Flights to Bangkok

Any Bangkok city guide worth their salt will tell you that the place to start is Ratanakosin, the royal island on the east bank of the Chao Phraya, where the city’s most important and extravagant sights are located.

They include: the Grand Palace and adjoining royal temple, Wat Phra Kaeo; the Wang Na (Palace of the Second King), now the National Museum; Wat Pho, which predates the capital’s founding; Wat Mahathat, the most important centre of Buddhist learning in Southeast Asia; the National Theatre; the National Gallery; and Thammasat and Silpakorn universities.

Banglamphu and the Democracy Monument area

Immediately north of Ratanakosin, Banglamphu’s most notorious attraction is Thanon Khao San, a tiny sliver of a road built over a canal in 1892, whose multiple guesthouses and buzzing, budget-minded nightlife have made it an unmissable way-station for travellers through Southeast Asia.

There is plenty of cultural interest too, in a medley of idiosyncratic temples within a few blocks of nearby landmark Democracy Monument, and in the typical Bangkok neighbourhoods that connect them, many of which still feel charmingly old-fashioned.

Chinatown and Pahurat

When the newly crowned Rama I decided to move his capital across to the east bank of the river in 1782, the Chinese community living on the proposed site of his palace was obliged to relocate downriver, to the Sampeng area.

Two centuries on, Chinatown has grown into the country’s largest Chinese district, a sprawl of narrow alleyways, temples and shophouses packed between Charoen Krung (New Road) and the river.


For fifteen years between the fall of Ayutthaya in 1767 and the founding of Bangkok in 1782, the west-bank town of Thonburi stood in as the Thai capital.

Its time in the spotlight was too brief for the building of the fine monuments and temples, but some of its centuries-old canals, which once transported everyone and everything, have endured. It is these and the ways of life that depend on them that constitute Thonburi’s main attractions.

The most popular way to explore these old neighbourhoods is by boat, but joining a bicycle tour of the older neighbourhoods is also very rewarding.


The spacious, leafy area known as Dusit has been a royal district since the reign of Rama V, King Chulalongkorn (1860–1910). The first Thai monarch to visit Europe, Rama V returned with radical plans for the modernisation of his capital, the fruits of which are most visible in Dusit, notably at Vimanmek Palace and Wat Benjamabophit, the so-called “Marble Temple”.

Dusit is also the venue for the spectacular annual Trooping the Colour, when hundreds of Royal Guards demonstrate their allegiance to the king by parading around Royal Plaza. Across from Chitrlada Palace, Dusit Zoo makes a pleasant enough place to take the kids.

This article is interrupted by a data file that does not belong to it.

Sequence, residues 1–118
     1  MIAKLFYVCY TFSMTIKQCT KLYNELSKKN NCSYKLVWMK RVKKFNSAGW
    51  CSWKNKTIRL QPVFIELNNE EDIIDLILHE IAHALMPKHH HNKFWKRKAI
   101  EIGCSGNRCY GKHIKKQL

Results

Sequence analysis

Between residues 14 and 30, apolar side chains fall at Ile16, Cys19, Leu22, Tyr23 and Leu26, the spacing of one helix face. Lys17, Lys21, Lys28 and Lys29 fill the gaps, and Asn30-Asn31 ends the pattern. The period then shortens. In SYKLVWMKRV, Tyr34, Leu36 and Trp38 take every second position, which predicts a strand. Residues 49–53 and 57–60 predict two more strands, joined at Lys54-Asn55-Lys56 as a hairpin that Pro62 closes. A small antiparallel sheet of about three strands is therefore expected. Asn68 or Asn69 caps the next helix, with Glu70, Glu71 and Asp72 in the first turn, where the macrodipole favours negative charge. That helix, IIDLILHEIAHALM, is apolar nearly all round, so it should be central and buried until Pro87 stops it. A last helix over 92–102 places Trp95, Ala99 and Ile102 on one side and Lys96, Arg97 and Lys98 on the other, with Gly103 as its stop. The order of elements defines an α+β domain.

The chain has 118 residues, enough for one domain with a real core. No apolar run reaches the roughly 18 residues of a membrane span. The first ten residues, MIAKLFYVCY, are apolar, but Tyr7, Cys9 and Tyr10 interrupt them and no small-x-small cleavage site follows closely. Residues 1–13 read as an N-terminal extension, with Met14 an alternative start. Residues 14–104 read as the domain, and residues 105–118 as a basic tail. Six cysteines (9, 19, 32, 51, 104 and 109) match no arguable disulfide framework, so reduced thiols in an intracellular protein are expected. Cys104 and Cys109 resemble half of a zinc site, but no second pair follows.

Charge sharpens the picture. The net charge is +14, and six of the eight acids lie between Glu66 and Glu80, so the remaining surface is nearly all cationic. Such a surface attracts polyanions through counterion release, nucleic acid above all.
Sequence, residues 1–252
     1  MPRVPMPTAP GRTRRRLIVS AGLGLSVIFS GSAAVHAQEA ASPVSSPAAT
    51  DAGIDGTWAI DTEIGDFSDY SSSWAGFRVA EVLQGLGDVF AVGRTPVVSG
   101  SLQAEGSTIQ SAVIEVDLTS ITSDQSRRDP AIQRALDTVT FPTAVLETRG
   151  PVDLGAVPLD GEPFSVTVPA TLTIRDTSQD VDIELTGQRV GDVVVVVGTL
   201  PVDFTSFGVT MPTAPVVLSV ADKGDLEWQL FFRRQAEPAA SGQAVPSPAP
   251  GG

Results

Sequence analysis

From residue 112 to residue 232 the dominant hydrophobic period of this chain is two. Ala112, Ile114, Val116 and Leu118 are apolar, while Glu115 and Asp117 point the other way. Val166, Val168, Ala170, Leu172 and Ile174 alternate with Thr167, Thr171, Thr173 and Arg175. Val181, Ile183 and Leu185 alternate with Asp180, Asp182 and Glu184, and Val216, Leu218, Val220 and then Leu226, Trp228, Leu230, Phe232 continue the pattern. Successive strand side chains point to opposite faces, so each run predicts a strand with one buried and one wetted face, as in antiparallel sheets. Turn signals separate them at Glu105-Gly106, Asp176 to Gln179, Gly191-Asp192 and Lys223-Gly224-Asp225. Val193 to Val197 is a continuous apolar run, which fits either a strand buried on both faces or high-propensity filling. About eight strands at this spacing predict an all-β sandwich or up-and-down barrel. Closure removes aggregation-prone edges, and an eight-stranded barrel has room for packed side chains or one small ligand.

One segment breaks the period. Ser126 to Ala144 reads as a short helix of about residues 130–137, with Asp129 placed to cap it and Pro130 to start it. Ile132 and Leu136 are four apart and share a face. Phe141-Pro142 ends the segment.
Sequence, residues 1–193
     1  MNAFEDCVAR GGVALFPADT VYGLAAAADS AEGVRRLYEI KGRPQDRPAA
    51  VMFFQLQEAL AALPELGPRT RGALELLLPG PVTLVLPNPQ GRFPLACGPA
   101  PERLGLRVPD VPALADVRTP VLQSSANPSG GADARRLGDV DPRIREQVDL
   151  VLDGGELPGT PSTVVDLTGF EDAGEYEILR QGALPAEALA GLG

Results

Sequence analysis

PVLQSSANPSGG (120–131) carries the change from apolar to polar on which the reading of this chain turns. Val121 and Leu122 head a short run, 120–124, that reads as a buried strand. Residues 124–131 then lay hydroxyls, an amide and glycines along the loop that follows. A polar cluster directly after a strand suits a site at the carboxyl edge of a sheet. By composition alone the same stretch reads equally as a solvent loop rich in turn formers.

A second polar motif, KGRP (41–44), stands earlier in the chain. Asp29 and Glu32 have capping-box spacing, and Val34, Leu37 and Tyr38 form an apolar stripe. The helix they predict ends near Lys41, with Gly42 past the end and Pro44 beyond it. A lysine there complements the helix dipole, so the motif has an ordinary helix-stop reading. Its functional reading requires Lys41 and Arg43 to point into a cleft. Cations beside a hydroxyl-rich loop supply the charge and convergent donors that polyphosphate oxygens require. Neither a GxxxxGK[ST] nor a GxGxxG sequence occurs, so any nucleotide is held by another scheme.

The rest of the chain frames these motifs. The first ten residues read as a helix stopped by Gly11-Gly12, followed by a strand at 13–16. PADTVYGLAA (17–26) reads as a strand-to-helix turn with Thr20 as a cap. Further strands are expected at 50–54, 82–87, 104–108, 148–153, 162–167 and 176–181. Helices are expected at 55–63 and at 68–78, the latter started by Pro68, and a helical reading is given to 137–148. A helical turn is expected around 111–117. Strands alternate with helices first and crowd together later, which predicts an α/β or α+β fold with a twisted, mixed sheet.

Downtown Bangkok

Downtown Bangkok is central to the colossal expanse of Bangkok as a whole, but rather peripheral in a sightseer’s perception of the city. In this modern high-rise area, you’ll find the main shopping centres around Siam Square.

Travel further east, you’ll find yet more shopping malls around the noisy and glittering Erawan Shrine, where Rama I becomes Thanon Ploenchit, an intersection known as Ratchaprasong. It’s possible to stroll in peace above the cracked pavements, noise and fumes of Thanon Rama I, by using the elevated walkway that runs beneath the Skytrain lines.

The city outskirts

A handful of places that make pleasant half-day escapes, principally Chatuchak Weekend Market, the cultural theme-park of Muang Boran, the upstream town of Nonthaburi and the tranquil artificial island of Ko Kred.

Top things to do in Bangkok

A Bangkok city guide boiled down into nine brilliant things to do

    1. The Grand Palace

The country’s most unmissable sight, incorporating its holiest and most dazzling temple, Wat Phra Kaeo. Experience it as part of the Flexi Private Temple Tour.

  1. Wat Pho

    Admire the Reclining Buddha and the lavish architecture, and leave time for a relaxing massage.

  2. The National Museum

    The central repository of the country’s artistic riches.

  3. Thanon Khao San

    Legendary hangout for Southeast Asia backpackers; the place for cheap sleeps, baggy trousers and tall tales.

  4. The canals of Thonburi

    See the Bangkok of yesteryear on a touristy but memorable longtail-boat ride.

  5. Jim Thompson’s House – An elegant Thai design classic, can be discovered on a guided tour including a weaving community visit.
  6. Chatuchak Weekend Market

    Eight thousand open-air stalls selling everything from triangular pillows to secondhand Levis.

  7. 63rd-floor sundowner

    Fine cocktails and jaw-dropping views, especially at sunset, at The Sky Bar and Distil.

  8. Thai boxing – Witness a fight in style with a VIP ticket to Rajadamnern Stadium or try it yourself by taking a class.

Best time to visit Bangkok

The climate of most of Thailand is governed by three seasons: rainy (roughly May–Oct), caused by the southwest monsoon; cool (Nov–Feb); and hot (March–May).

The cool season is the most clement time to visit Bangkok, although temperatures can still reach a broiling 30°C in the middle of the day. Bear in mind, however, that it’s also the busiest season, so forward planning is essential.

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